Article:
The conference starts in New Orleans on Saturday, Dec. 10, , but a sample of what is to come was given last week in a preview media briefing, moderated by Mikkael A. Sekeres, MD, from the University of Miami. Dr. Sekeres,
“Feeding Our Patients Gruel”
Dr. Sekeres expressed particular excitement about a multicenter randomized trial done in Italy. It showed that patients who have neutropenia after a stem cell transplant need not be required to eat a bland diet ().
“We for years have been essentially feeding our patients gruel in the hospital, and these are folks who have to be hospitalized for a stem cell transplant or in my case – I’m a leukemia specialist – for acute leukemia, for 4-6 weeks. The neutropenic diet consists of the blandest food you can imagine, with nothing to really spice it up.”
He noted that a neutropenic diet is so unpalatable that family members often sneak food into patient rooms, and “for years we’ve never seen adverse outcomes in any of those folks who instead of having mashed potatoes and oatmeal ate a corned beef sandwich for dinner.”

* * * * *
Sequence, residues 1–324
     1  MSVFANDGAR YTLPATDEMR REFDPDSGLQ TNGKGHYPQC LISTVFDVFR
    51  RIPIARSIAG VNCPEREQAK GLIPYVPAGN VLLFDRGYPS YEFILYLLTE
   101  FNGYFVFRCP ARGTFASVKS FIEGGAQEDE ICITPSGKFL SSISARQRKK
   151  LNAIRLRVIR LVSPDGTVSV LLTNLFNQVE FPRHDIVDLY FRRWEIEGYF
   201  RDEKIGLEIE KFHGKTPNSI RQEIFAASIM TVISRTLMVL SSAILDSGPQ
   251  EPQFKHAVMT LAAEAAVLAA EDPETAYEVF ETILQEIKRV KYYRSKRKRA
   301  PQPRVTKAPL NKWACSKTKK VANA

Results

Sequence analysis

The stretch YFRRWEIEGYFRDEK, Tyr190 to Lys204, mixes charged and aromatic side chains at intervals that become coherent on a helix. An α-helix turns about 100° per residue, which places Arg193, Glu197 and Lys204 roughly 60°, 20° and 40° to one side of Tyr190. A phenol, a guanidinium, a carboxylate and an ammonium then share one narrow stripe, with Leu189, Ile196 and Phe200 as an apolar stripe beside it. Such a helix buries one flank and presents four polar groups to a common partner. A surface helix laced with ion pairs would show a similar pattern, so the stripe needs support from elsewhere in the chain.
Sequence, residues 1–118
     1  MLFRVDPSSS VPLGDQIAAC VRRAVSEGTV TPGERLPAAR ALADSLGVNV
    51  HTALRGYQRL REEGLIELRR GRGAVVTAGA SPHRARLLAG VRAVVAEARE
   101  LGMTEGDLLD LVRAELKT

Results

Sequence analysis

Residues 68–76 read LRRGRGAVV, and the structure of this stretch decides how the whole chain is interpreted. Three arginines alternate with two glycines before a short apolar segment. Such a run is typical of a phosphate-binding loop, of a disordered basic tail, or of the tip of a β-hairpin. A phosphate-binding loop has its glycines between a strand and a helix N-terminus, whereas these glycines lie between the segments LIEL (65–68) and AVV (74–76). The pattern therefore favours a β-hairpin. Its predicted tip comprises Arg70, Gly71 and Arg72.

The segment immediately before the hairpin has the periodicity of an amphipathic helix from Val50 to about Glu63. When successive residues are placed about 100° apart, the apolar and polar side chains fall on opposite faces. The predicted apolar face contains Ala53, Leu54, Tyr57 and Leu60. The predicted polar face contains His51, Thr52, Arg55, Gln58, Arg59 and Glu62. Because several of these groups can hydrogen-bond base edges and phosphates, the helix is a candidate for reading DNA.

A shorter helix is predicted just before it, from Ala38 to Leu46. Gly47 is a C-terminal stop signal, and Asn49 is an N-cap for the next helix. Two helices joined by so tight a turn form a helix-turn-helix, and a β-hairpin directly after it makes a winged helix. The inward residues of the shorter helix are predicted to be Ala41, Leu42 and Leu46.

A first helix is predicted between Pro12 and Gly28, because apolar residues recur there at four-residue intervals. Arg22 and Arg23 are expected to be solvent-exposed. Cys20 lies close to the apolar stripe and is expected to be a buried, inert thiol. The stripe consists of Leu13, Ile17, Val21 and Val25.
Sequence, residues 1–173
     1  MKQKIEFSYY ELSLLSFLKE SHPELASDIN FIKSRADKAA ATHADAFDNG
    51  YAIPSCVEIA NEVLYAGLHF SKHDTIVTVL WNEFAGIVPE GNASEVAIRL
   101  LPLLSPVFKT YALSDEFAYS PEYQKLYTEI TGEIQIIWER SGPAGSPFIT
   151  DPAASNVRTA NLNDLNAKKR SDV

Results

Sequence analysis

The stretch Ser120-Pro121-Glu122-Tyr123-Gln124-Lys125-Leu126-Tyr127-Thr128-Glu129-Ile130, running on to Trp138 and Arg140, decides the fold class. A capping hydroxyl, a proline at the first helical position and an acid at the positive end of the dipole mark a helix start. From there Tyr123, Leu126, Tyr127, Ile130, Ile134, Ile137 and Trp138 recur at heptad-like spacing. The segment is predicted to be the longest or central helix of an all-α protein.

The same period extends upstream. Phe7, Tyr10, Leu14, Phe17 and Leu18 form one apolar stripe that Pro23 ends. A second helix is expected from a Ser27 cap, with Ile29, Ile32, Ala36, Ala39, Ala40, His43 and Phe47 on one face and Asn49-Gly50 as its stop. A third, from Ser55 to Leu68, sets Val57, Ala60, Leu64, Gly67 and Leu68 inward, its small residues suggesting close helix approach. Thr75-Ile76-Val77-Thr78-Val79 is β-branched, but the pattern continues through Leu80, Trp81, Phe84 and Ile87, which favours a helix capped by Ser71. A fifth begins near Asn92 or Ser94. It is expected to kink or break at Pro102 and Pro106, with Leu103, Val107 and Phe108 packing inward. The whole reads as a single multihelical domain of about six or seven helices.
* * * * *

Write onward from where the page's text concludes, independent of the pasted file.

Now, the results from this trial “actually give us license to finally allow patients to eat whatever they want,” Dr. Sekeres said.
ASH experts pointed to two more presentations that are expected to change clinical practice. These include the finding that high-dosedoes not reduce the risk for central nervous system relapse in children with and ( ).
Another new study that seems to defy conventional wisdom showed that in adults with relapsed or refractory
Premature aging in HL survivors
ASH President Jane N. Winter, MD, from Northwestern University, Chicago, who also spoke at the briefing, highlighted a study that followed adult survivors of. This study, from St. Jude Children’s Research Hospital in Memphis and the Wilmot Cancer Institute at the University of Rochester (N.Y), found that these adult survivors are at significantly elevated risk for epigenetic age acceleration accompanied by neurocognitive deficits when compared with controls ( ).
“This is an area that is very near and dear to my heart,” she said. “Much of my career has focused on reducing the therapy to reduce the long-term consequences of treatments. Pediatricians have been very much wedded to very intensive therapies and tend to incorporate radiation more commonly in their treatment strategies for children than we do in adults.”
Dr. Winter noted that, although clinicians focus primarily on the link between mediastinal radiation and long-term adverse events such as